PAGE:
CORRECTION: The article has been updated to accurately reflect the severity of the forecasted hurricane season.

RICHMOND, Va. (WRIC) – It’s that time of year again! Hurricane season is upon us.

Governor Glenn Youngkin (R) and the Virginia Department of Emergency Management (VDEM) hosted a kick-off event Wednesday for the beginning of hurricane season on June 1.

The department says that a natural disaster like a hurricane can happen anywhere and that the commonwealth is no exception, so it’s always best to be prepared. Before storms set in, VDEM wants people to stay ready so they don’t have to get ready.

“We, in fact, have a basic theme — run from water, hide from wind,” Youngkin said, echoing the message of Wednesday’s event. The governor went on to say that hurricane season is nothing to play with.

According to VDEM, recent years have proven that hurricanes are more than a coastal threat.

“And if you look at the history of Virginia, we have faced catastrophic hurricanes and we want to be prepared so we can protect all Virginians and keep them safe,” said Shawn Talmadge, the state coordinator of Emergency Management for VDEM.

Talmadge said the purpose of Wednesday’s event is to encourage people across the commonwealth to take the time to prepare.

“So, what is your plan for three days in the event of a catastrophic emergency that you can take care of yourself?” questioned Talmadge. “That’s about three days of food [and] water. Make sure you have your medicine.”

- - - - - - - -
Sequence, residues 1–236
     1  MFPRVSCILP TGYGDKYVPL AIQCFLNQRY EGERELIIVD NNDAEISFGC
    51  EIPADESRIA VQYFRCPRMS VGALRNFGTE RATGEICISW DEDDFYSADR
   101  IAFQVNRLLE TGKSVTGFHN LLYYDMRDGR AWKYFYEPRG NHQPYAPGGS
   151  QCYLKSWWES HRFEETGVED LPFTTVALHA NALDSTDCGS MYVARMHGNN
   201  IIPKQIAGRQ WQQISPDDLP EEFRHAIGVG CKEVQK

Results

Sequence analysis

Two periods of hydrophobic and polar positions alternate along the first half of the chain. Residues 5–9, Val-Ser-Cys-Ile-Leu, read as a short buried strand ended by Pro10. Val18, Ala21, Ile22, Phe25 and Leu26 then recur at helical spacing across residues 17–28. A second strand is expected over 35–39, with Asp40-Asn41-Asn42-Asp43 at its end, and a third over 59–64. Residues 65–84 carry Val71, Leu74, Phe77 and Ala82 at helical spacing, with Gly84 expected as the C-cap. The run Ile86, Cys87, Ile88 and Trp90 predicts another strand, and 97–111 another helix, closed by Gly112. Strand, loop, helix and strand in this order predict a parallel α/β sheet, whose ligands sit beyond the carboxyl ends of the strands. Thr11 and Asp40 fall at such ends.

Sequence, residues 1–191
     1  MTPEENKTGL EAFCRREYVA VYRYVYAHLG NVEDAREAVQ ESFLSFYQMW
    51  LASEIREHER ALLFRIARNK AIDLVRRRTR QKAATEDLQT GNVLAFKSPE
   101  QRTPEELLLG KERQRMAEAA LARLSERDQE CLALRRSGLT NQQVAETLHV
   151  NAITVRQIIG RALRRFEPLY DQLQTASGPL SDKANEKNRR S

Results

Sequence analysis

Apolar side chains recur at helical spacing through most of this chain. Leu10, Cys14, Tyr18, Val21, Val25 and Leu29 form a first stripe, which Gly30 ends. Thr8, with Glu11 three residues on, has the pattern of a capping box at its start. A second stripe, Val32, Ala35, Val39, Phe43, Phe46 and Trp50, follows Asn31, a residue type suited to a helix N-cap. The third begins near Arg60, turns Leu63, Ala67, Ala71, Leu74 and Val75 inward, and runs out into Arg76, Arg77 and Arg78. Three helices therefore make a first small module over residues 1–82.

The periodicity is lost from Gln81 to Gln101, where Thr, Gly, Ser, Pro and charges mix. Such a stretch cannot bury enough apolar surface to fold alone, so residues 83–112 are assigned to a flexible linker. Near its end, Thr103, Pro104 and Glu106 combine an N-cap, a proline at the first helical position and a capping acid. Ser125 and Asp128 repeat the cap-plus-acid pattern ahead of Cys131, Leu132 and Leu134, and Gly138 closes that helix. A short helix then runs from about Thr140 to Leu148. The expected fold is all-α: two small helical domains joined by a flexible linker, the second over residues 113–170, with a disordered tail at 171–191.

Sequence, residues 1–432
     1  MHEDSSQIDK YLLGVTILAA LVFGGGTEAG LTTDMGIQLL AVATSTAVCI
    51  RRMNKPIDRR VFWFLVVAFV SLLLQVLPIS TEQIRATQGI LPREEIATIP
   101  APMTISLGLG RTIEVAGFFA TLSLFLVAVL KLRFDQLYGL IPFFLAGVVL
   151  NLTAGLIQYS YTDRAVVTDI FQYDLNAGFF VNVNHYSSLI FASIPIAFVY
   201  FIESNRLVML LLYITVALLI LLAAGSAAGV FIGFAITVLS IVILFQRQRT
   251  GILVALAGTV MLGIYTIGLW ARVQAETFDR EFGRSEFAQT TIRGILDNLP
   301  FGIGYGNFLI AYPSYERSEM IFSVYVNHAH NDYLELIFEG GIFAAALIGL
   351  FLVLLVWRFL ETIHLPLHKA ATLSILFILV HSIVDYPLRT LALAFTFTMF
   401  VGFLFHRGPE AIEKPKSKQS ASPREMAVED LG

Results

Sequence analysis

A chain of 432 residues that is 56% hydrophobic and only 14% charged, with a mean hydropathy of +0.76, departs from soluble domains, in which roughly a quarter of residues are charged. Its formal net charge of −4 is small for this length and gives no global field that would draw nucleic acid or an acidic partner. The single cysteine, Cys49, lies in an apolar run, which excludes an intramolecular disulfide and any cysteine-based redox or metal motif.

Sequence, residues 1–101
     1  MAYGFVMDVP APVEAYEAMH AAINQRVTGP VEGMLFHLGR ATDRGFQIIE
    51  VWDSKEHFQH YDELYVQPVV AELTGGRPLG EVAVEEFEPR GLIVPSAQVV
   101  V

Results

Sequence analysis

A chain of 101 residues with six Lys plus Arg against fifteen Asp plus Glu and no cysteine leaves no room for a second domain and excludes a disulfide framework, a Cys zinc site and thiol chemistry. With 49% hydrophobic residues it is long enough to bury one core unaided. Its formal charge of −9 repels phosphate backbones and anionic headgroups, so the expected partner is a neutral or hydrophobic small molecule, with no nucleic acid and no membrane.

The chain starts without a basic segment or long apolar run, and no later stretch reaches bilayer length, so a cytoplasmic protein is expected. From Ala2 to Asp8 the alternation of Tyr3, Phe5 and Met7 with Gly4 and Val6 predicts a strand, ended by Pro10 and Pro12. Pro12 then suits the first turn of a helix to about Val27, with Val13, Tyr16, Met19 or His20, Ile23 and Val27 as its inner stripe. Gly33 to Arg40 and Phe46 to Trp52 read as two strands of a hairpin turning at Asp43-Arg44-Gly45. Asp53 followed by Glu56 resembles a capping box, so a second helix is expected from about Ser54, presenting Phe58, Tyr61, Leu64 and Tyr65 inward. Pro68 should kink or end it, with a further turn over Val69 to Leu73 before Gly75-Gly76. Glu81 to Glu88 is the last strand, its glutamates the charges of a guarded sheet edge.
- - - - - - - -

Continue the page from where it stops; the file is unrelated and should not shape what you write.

Talmadge said that it’s not just families that need to be ready for disaster, explaining that VDEM has been focusing on specific areas to improve Virginia’s disaster response.  

“We’re trying to identify opportunities to make a better sheltering system,” said Talmadge. “And another big thing over the last 12 months that we’ve been doing is we’ve been really aggressive in our search and rescue program.”

Talmadge added that VDEM has been training for hurricane response at the state level and are prepared to respond to whatever comes our way.

“We’ve had a dozen and dozens of events and planning efforts and training exercises to include search and rescue capabilities using helicopters, boats, trucks and sheltering exercises so we can make sure that our localities in the state are prepared to shelter folks,” Talmadge said.  “And so, every year we take this season very seriously and it’s really a threat thing and only takes one.”